Raster & Vector Graphics

Raster graphics

Raster graphics is a digital way to visualize complex images such as photographs, computer screenshots or digitized images. A raster graphics image is an image, which is made by many different very small points, called pixels, that together make an image. There are two important parameters for the display of a raster graphics: resolution and colour depth. The resolution indicates how many pixels are used in width and height to display the image (resolution = width x height). For instance 1920×1080 pixels is the resolution of a HD TV and means that the width of the screen is made up of 1920 pixels while the height is made up of 1080 pixels the resolution of the screen therefor is 2.073.600 pixels which is roughly as much as picture taken with a 2 megapixel camera. That does not seem very much, but since the pictures on TV are constantly in motion you can never see one single picture in all its detail hence 1920x1080p (FullHD) looks very appealing (compared to former resolutions).
The other important parameter in raster graphics is the colour depth. The colour depth (in digital audio known as bit depth) indicates how many different colours are being displayed in a raster graphics image. One bit can only be in two different states, on or off or in binary terms (the way computers work) 1 or 0. If there is an image with the colour depth of one bit it means that any pixel in the picture can either be black or white. The higher the colour depth gets the more different colours can be displayed in a raster graphics image. An image with the colour depth of 16 bit contains 216 (=65.536) different colours, an image with the bit depth of 24 bit would therefor contain 16.777.216 different colours (224 = 16.777.216).
The advantage of a raster graphics image is that it can display very complex graphical illustrations such as photographs or screenshots, but the disadvantage is that this comes to the prize of a very large file size, because to save a raster graphics image every single pixel and the colour of it has to be saved (as long as the image is saved with a lossless codec). Another huge disadvantage is that raster graphics images depend on their resolutions hence they can’t be resized, because a raster graphics image is basically like a map of pixels on which every pixel has one specific spot. So if you want to enlarge an image you would have to (figuratively) stretch the map with the pixels, but that would make the image lose its detail, because the same amount of pixels would be spread over a larger space. To solve that problem you would have to add new pixels to it and that is the problem: you cannot add new pixels to an image that were not there in the fist place, since you basically would have to guess what you need to add. The same principle applies if the size of an image needs to be scaled down, the only difference is that most computers are fairly good in down scaling (removing some of the pixels from an image). As a consequence raster graphics are not suitable for varying image sizes, which is by far the biggest disadvantage of raster graphics.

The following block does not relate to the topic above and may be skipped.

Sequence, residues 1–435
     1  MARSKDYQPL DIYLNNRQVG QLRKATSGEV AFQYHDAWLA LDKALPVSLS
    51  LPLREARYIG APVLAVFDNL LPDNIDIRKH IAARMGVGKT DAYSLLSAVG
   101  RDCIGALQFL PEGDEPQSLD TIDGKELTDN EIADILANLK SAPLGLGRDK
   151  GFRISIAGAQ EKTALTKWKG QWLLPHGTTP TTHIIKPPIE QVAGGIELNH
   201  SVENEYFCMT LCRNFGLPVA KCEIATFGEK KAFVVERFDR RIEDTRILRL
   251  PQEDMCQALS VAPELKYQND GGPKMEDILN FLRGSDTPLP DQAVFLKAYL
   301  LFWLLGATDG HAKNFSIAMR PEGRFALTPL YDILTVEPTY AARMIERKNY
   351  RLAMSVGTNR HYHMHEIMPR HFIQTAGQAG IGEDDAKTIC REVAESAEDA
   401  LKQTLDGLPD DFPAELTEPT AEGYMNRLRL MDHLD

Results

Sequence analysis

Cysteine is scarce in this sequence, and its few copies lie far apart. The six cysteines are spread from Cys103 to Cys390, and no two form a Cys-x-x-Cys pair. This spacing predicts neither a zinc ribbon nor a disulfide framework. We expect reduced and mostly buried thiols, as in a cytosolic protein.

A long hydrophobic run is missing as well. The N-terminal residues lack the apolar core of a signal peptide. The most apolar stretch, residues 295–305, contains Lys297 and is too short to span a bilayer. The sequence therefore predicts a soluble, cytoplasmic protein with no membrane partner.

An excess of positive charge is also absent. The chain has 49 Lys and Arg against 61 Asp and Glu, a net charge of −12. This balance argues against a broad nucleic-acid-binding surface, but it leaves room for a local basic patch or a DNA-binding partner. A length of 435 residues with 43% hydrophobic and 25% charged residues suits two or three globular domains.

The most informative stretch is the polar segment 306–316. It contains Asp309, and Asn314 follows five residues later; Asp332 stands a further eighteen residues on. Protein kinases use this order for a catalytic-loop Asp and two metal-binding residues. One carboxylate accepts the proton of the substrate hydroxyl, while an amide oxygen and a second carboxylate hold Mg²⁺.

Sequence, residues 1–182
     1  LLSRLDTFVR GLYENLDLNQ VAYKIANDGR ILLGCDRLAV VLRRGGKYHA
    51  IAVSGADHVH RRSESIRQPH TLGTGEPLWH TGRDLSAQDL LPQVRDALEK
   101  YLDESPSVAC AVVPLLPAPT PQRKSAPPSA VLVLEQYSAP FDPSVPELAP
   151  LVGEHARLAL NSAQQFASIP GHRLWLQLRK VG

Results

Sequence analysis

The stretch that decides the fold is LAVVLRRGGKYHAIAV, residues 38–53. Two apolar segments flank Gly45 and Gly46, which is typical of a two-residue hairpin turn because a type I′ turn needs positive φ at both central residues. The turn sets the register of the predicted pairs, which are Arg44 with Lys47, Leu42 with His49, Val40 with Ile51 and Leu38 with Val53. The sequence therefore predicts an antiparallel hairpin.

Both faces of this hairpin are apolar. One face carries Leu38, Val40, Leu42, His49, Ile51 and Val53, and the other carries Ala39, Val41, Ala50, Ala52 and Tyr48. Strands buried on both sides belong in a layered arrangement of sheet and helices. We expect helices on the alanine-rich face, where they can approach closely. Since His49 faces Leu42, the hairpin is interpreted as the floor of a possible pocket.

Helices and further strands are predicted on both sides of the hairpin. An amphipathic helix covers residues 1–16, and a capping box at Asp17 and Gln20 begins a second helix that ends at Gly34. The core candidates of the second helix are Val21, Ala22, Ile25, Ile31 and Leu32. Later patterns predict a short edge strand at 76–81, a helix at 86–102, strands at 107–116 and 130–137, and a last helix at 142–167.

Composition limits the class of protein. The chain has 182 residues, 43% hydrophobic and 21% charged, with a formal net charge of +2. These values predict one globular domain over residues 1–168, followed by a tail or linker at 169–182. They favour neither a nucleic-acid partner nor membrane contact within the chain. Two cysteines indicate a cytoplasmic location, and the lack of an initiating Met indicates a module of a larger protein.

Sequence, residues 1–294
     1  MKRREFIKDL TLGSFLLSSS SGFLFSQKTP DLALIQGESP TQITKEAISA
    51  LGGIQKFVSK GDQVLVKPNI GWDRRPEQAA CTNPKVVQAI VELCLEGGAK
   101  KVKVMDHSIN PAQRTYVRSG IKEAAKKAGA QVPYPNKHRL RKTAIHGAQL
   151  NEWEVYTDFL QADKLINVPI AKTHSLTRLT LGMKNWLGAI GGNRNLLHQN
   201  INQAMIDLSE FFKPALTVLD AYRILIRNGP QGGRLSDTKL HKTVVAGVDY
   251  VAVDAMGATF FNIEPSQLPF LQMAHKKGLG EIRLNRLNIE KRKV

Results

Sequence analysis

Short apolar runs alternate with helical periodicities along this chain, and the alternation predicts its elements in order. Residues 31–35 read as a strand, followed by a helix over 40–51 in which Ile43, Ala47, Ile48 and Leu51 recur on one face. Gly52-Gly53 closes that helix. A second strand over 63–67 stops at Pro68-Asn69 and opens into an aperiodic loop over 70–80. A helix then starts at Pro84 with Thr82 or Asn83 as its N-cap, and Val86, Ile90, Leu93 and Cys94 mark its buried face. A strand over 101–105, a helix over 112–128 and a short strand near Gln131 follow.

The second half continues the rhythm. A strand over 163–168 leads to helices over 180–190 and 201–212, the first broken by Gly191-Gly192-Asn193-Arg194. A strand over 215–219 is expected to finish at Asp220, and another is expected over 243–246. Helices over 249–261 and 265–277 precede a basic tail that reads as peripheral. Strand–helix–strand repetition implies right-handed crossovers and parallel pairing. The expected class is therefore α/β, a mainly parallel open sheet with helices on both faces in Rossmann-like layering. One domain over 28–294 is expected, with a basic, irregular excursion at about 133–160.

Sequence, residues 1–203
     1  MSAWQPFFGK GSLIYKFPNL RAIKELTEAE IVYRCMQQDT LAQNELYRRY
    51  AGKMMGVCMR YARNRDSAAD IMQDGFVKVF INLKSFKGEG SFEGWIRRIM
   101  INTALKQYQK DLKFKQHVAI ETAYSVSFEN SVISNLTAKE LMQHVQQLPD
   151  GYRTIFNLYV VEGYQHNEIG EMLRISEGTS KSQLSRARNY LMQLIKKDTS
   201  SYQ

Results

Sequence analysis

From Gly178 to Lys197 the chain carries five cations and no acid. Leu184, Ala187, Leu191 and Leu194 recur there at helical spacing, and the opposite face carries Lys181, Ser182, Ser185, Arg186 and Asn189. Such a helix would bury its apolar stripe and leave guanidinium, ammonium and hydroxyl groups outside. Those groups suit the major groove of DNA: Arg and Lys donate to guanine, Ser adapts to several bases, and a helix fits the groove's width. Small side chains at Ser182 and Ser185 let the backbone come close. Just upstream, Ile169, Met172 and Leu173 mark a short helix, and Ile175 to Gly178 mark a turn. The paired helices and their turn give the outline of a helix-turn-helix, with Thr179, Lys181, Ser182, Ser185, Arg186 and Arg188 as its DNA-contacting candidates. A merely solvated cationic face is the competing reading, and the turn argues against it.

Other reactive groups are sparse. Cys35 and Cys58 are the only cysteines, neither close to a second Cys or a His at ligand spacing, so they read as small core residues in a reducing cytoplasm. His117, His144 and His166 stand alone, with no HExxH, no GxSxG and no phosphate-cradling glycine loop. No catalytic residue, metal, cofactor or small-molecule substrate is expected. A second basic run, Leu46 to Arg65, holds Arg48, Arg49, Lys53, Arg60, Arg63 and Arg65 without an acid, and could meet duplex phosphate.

MultiMediaManagementPoster

This simple poster was created using GIMP.

Vector Graphics

A vector graphics image is an image that is completely made out of vectors. A vector is a path between two points, hence to draw a line (or any other object) in a vector graphics image you only need to define the starting and the ending point of the vector and eventually additional parameters for more complex figures such as curves or polygons. For instance to save a circle in a vector graphics image the only parameters that need to be saved are the position of the centre, the radius and the attributes of the line with which the circle is created and the computer can automatically create the circle. But there is no need to save every single pixel of the picture, as it is the case for raster graphics images. As a consequence vector graphic images have very small file sizes compared to raster graphics images. The most common file format for vector graphics is SVG (Scalable Vector Graphics). Vector graphics are very useful to display any kind of geometric figures or pictures made out of geometric figures, but they are not capable of displaying very complex objects like photographs.
A vector graphics image does not depend on its resolution, because the mathematical equations (vectors) that make up the picture can be adjusted to any size. Images that are getting displayed in many different sizes are usually made with vector graphics, for example logos of companies which are get displayed as a tiny image on a website or as a giant add an a billboard. Another use of vector graphics is for 3d, as 3d graphics are constructed as vector like objects and then rasterised, 3d movies get rasterized before they get shown whereas computer games get rasterised in real time. The most common programs to work with vector graphics are Adobe Illustrator (industry standard) and Inkscape (open source).
Mylogo

This a an example logo. It was uploaded as a png, but created as a vector graphics image.

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